Last week, we announced Vimeo's initiative to take its Staff Picks to the streets with the Vimeo Staff Pick Award. The physical award debuted at SXSW in March and will be expanding to many other festivals around the world as part of the official awards ceremonies.
In addition to a shiny new piece of hardware, the winning film will immediately premiere on Vimeo’s Staff Picks, providing a valuable bridge from the festival circuit to online distribution. No Film School will also feature each short and a Q&A with the winning filmmaker, beginning today with the second ever Staff Pick Award, which was given to Elsa Maria Jakobsdottir at Aspen Shortsfest for her film ATELIER.
Vimeo's curation team explained what attracted them to the picture saying, "Atelier is a brave and mysterious film about isolation and the tension that arises when differing expectations clash. In a delicate play of genres, the short’s use of stark locations and bold sound design results in an unsettling aura that beautifully lingers from frame to frame."
No Film School spoke with Elsa Maria Jakobsdottir, whose film not only received praise in the form of the award but from auteur Nicolas Winding Refn who tweeted out a link to the film after it's big win in Aspen.
No Film School: What was your inspiration for creating this film?
Elsa Maria Jakobsdottir: Atelier is my graduation film from the National Film School of Denmark and it somehow sums up what I’ve been experimenting with at school. I’ve been interested in telling stories about soul searching and self-helping characters and playing with the minimal Scandinavian interior design tradition and exaggerating it. The minimal settings are so merciless and it’s wonderful to contrast them with my very confused characters and their aspirations to be better and have some control. There was definitely also something about isolation, expectations of others, destructive perfectionism and finding your place.
NFS: Did you face any challenges when making this film?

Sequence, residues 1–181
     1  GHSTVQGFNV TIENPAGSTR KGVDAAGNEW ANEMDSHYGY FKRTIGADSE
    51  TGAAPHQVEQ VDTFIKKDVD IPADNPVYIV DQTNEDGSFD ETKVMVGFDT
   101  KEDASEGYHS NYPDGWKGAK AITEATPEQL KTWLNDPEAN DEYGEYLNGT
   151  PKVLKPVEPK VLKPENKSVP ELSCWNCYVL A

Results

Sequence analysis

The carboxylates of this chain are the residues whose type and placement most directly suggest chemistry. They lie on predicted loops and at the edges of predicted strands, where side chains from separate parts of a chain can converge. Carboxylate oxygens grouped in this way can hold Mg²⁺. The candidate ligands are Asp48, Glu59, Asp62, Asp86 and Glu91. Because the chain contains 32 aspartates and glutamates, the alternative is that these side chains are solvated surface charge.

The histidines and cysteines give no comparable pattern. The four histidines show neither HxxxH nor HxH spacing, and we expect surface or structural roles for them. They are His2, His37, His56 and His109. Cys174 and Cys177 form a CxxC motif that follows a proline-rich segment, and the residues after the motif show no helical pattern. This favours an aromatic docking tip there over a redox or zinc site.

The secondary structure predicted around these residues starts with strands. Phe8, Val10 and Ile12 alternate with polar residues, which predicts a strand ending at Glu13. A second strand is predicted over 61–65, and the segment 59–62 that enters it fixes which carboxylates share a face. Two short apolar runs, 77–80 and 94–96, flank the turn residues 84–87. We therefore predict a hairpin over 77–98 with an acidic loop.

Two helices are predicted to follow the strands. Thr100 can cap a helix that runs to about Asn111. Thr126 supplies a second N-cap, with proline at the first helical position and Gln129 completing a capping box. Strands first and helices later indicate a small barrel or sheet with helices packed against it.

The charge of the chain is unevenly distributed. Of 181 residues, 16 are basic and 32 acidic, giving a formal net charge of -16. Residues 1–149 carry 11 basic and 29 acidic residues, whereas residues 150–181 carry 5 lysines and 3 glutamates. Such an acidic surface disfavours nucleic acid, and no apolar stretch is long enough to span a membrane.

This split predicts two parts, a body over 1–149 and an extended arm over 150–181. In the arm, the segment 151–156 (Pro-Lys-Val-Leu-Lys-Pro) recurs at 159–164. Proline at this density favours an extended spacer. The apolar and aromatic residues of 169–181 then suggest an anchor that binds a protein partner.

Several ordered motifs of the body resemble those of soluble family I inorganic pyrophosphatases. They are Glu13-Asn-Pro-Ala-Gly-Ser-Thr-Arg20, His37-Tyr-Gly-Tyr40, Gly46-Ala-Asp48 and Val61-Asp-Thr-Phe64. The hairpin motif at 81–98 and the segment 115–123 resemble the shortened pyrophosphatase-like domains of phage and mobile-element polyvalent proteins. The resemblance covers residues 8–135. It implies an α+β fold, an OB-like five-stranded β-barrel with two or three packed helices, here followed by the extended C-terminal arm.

Jakobsdottir: A big challenge was to find a house that channels 'Scandinavian minimalism on steroids' as I wrote in my first draft. But after months of location scouting, we wrote a Facebook post that led us to this fantastic modern house on Gotland in Sweden. The house was everything I wished for and so much more. The house is only half an hour from Ingmar Bergman’s island and the Persona location–see the connection here? To me, that was almost creepy!
Film school collaborations can also be quite challenging. I was deeply worried during the making of the film so the rigid use of the camera and the heightened and neurotic soundscape and the oh-so-PTSD sensibility of the film was definitely inspired by challenging film school circumstances.
"Put something of yourself on those pages, in every character."
NFS: What is your best piece of advice to aspiring filmmakers?
Jakobsdottir:To be real and personal. Everything else has been done before. Put something of yourself on those pages, in every character, in the sound, in the frame, in the textures, in the mood.
NFS: What’s the value of displaying your film at a festival versus releasing online?
Jakobsdottir: I love the communal experience of going to the movies that you get at a festival. That is definitely the ideal way to experience my film—in a proper movie theater with a mad sound system. Afterwards, I get to meet the audience and other film professionals and engage with them.
With an online release you let go of the curated movie theater experience, you don’t observe your audience but instead, you get this enormous reach. The film finds a new and different audience that would otherwise never have heard about your film. That is quite thrilling.
NFS: What does the Staff Pick Award mean to you?
Jakobsdottir: I’d never released anything online before and those past weeks have been wild! Now the film is at 200,000 views and I never thought there could be such an exciting life out there for the film after the festival circuit. This exposure on Vimeo has sparked an interesting dialogue with ambitious film professionals who connected to the film. I´m sure I see some future collaborations there.
The Staff Pick Award also meant cutting the umbilical cord and helped me to move on to my next project. It was actually quite emotional and relieving!
NFS: What’s next? Any upcoming projects?
Jakobsdottir: I’m working on a script that has a lot to do with Atelier but set in Iceland. There is the artist residency and those two conflicting characters forced to live together. Soul searching and existential horrors. The desolate Icelandic landscape and mythical creatures will help tell the story. This time I want to go further in playing with genres.
NFS: We saw that amazing tweet from Nicolas Winding Refn about you and your work—what was that like?!
Jakobsdottir: I was about to go to bed when I saw it and then, well, I couldn’t fall asleep! I was thrilled that he tweeted about the film. He is definitely a favorite filmmaker that I admire deeply for his boldness and being ever so progressive. He’s an ideal for what you can do and how far you can go as a Nordic filmmaker.
And I don’t think I see this too often—an established male filmmaker bringing attention to the work of women in film. But Refn is of course known for pushing the boundaries!